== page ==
Fellows Reading Group
October 17, 2012
It is just past noon and I'm heading to our lounge for lunch. I pass Kyle, who is sprawled over his office having lunch. His open door is opposite the lounge.
I sit down with my regulations lunch (apple, yoghurt, crossword...) and look up to see the white board covered with small, neat writing in three colors. Each year of fellows in the Center develops its own ways, a kind of cultural stamp peculiar to them. I am looking at one of them now.
(Yes, I know. The text is out of focus and illegible. Some things are not meant to pass beyond the walls of lounge.)
Our reading group will be meeting in a few hours to discuss a short reading by Maria Kronfeldner. The reading group is set up so that the author of the piece is not allowed to make introductory remarks.
The reason is obvious to anyone who is a professor or a relative of a professor. We are unable to say anything briefly. Two minutes of prefatory remarks will soon become ten; and then expand into our standard, atomic unit of communication, the fifty minute talk.
Someone else takes on the job of "presenting." That someone's function is just to lay out the main ideas of the reading, briefly, as a seed for further discussion. It should give the author the first, disorienting feel for what everyone thought she wrote.
That presenter is also a professor, so the danger remains. We professors are equally capable of giving a 50 minute speech on someone else's paper.
"Just five minutes," I had said when our reading group met to discuss a text for the first time earlier this term. To reinforce the point, I had brought a five-minute hourglass. I inverted the hourglass and began to review the main points of the week's reading. Since the time is short, I had put some text and arrows up on the whiteboard and had proceeded through them, finishing almost exactly at the five minute mark. It was a point of professional pride for me and intended to show that it could be done.
This group had liked the idea. The next week, the presenter had filled the whiteboard with text ahead of time. It had been decided spontaneously this was the way to do it. Each week, sometime before the meeting, new text appears on the whiteboard. It feels a little unworldly, like the fairy tale of the cobbler and the elves. No one actually sees the elves slip into the empty workshop overnight, but the morning brings the evidence of their handiwork.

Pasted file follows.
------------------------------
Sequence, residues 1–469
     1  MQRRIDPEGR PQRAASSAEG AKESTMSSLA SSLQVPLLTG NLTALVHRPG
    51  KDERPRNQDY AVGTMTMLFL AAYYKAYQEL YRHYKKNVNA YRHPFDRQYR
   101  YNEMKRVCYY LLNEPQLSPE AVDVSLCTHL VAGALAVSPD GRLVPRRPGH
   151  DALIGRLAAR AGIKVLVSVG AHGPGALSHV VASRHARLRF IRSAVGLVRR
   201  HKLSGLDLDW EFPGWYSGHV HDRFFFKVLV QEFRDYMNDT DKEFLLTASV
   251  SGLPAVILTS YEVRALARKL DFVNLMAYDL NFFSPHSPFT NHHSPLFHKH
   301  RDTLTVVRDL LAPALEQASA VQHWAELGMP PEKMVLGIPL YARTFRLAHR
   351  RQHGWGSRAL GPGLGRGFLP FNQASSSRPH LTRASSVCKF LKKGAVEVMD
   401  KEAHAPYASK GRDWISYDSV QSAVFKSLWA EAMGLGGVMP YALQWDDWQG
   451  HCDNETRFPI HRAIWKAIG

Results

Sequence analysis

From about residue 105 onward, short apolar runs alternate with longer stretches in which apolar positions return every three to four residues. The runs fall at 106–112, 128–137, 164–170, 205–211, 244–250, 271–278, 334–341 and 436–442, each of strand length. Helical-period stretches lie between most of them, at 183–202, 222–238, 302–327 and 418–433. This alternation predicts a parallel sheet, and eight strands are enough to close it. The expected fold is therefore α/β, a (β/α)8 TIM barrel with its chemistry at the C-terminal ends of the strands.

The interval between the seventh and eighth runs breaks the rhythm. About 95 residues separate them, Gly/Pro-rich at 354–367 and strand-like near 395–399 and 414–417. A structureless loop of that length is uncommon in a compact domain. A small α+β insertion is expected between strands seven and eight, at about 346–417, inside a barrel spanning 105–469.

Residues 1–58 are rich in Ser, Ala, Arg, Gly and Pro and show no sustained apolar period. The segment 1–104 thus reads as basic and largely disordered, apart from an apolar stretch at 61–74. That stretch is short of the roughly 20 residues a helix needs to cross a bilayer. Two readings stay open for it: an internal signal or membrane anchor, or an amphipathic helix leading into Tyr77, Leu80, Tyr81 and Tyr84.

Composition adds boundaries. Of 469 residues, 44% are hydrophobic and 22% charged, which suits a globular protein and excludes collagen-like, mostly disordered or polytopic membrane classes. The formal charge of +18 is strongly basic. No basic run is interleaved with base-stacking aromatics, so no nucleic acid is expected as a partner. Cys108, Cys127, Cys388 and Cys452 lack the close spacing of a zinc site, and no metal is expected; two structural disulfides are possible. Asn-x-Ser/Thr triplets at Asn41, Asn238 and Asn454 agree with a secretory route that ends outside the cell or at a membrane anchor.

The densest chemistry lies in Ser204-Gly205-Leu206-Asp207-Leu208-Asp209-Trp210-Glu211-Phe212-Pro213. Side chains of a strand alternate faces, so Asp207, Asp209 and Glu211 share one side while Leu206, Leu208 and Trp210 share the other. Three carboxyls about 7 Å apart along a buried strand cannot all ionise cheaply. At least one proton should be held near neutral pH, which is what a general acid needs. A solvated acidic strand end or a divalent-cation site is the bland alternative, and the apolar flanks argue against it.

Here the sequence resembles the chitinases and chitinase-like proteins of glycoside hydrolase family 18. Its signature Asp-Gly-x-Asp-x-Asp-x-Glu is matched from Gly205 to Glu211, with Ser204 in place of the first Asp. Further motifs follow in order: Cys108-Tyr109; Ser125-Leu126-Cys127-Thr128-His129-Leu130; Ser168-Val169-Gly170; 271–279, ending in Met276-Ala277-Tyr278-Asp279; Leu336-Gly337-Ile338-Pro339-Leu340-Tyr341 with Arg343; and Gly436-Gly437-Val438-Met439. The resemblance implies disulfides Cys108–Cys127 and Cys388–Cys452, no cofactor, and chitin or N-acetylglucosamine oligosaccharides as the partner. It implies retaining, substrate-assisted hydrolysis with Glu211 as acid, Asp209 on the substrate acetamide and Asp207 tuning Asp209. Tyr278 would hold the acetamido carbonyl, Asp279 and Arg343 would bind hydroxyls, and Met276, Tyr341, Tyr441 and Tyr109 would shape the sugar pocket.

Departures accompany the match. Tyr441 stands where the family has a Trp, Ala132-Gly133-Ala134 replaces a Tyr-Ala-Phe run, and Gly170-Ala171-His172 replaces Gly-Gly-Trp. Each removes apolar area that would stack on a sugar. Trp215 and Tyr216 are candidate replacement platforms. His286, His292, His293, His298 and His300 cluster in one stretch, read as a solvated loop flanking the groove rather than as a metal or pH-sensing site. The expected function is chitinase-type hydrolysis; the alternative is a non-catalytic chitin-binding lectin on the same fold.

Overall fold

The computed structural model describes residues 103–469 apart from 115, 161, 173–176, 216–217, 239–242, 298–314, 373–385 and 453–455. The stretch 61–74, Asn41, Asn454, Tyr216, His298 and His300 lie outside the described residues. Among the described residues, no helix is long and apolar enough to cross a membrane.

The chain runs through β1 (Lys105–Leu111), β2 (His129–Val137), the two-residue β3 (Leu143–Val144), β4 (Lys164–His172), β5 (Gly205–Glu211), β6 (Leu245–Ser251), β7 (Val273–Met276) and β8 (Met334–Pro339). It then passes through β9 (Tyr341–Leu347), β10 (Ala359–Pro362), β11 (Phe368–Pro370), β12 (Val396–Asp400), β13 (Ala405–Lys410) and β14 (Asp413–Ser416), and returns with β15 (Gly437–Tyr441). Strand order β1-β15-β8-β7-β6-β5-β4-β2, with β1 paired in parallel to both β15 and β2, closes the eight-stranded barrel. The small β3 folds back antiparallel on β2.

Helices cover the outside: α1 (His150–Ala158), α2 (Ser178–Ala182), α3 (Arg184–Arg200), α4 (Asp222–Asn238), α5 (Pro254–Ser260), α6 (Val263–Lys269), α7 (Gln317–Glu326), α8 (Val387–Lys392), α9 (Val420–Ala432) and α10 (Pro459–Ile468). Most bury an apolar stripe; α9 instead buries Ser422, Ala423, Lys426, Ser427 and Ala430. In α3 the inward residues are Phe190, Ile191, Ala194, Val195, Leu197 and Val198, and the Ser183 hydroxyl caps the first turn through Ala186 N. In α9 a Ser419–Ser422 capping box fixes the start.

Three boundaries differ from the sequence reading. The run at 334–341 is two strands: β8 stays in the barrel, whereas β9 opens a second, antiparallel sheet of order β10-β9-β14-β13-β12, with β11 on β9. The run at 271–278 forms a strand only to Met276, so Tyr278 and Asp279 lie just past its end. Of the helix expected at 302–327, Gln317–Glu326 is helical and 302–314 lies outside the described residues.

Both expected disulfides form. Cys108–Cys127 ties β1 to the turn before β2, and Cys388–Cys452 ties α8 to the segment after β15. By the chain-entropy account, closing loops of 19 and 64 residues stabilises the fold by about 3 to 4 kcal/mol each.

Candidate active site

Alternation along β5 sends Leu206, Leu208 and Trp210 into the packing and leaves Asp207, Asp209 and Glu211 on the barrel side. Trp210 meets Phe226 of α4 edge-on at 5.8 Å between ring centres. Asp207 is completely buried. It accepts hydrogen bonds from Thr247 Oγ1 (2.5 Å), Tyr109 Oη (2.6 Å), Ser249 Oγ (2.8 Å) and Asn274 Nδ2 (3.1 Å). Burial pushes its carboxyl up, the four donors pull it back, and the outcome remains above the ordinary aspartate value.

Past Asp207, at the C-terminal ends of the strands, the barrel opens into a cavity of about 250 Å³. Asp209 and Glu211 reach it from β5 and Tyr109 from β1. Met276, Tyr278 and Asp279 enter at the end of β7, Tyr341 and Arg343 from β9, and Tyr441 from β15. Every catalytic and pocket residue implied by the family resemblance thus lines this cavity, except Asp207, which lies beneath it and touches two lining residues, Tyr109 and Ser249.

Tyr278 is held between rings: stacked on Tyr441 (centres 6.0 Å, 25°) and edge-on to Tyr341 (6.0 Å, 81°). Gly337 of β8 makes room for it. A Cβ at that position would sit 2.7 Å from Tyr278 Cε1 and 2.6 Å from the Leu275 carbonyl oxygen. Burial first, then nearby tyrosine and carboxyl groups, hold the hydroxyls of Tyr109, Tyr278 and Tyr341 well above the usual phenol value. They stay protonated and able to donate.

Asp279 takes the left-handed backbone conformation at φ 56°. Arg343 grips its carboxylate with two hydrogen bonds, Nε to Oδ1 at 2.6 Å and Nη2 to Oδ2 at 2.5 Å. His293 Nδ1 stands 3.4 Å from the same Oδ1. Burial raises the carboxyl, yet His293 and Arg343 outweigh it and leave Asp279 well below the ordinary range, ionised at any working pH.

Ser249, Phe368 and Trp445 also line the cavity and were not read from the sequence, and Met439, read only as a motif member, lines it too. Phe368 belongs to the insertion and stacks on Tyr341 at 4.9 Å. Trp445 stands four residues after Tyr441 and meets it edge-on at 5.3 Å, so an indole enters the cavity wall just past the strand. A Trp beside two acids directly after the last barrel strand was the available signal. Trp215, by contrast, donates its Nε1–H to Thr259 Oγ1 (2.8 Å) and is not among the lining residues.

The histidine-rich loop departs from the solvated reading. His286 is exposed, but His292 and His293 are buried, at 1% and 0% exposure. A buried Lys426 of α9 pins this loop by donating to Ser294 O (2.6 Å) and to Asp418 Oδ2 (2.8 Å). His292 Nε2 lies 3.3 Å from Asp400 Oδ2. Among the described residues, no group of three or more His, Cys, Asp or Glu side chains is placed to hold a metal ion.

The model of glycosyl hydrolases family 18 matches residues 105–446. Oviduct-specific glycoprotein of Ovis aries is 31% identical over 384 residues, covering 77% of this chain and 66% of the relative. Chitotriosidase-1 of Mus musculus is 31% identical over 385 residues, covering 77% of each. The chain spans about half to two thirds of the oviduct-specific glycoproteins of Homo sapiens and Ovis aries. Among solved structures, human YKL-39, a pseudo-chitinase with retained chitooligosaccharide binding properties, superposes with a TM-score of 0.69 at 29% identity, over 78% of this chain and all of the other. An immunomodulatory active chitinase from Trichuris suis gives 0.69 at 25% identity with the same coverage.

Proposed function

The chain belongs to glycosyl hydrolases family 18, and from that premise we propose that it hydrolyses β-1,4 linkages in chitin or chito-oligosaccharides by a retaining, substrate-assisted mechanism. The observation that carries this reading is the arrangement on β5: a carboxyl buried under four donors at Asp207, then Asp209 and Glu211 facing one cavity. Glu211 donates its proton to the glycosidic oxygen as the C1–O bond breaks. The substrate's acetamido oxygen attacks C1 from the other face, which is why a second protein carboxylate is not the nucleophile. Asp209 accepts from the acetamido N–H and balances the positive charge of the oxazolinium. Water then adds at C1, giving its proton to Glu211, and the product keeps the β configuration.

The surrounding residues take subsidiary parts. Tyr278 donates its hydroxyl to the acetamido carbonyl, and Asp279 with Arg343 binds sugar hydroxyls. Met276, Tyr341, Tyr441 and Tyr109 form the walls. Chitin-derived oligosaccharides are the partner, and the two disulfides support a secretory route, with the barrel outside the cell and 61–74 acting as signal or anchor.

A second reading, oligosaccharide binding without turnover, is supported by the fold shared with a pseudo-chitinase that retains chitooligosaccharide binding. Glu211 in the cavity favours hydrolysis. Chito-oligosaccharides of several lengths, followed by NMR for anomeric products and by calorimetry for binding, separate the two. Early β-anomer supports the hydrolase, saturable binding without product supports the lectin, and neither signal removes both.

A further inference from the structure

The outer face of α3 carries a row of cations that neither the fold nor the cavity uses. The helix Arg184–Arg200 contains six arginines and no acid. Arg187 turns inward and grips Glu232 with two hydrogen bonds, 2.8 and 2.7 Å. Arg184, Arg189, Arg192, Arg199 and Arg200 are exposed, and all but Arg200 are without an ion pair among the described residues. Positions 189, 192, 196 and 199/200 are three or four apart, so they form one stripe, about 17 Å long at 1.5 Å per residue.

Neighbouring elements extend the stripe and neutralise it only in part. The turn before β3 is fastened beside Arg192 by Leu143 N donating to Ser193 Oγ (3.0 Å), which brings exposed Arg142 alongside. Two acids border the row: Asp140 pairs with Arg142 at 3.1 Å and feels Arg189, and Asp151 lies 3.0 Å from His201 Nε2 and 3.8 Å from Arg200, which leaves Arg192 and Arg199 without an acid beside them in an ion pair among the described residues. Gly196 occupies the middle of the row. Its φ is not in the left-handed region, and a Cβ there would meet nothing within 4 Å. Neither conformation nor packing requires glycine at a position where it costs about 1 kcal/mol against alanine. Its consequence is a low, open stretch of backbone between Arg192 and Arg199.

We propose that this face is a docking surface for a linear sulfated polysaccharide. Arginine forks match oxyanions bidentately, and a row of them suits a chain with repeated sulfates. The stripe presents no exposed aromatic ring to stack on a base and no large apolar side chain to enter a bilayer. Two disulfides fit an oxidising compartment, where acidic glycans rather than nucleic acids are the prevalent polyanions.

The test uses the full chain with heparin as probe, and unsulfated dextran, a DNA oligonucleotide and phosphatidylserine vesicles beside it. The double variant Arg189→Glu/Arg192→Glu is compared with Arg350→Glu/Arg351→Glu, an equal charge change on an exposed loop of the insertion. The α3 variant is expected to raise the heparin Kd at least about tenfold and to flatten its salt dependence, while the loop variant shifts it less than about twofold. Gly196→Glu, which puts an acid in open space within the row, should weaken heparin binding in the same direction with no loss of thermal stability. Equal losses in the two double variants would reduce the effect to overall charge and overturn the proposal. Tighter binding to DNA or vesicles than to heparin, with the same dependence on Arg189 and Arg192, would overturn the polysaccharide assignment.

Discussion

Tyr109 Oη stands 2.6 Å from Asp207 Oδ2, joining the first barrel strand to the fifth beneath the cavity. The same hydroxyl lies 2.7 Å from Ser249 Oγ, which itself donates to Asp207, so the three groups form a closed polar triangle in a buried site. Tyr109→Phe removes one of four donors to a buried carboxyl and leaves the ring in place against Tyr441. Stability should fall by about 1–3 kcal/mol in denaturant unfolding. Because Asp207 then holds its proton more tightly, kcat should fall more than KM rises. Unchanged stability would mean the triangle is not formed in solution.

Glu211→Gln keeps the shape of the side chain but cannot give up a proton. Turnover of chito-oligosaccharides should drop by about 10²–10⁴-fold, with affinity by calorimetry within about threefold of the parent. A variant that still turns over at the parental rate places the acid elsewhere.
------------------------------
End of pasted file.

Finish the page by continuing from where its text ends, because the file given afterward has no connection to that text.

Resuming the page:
There is a danger in this practice. The lounge is tidied up before the meeting. Might the zeal of the clean up be turned against the elves' handicraft on the whiteboard? Might someone wipe it clean? It's a possibility. I'm now trying to recall if back-hall gossip has transformed a mere possibility into a legendary loss of irreplaceable text by someone. Perhaps. No one can quite remember whose text it was.
Legend or not, our elf called Kyle has taken precautions.
It is still hours away from the meeting. So far, no one has touched this week's text. The food is still to be put out by the other elves, often called Joyce. Cheryl, who likes to bake, has taken it upon herself to supply us, from time to time. This week is one of those times. They came in a large plastic container and looked and smelled delicious. What are they?
"Pumpkin caramel squares," she said. Then she paused as a dim glimpse of an unlikely catastrophe passed through her thoughts. "They have nuts in them in case anyone has any issues..."
Shortly after the pumpkin caramel squares have been laid out, I find Maria in the room taking notes off the whiteboard in the modern fashion.
Then we are underway. Collin will chair. He inverts the hourglass and Maria sits back while Kyle presents her paper. I leave no record of whether Kyle managed it in his five minutes.
John D. Norton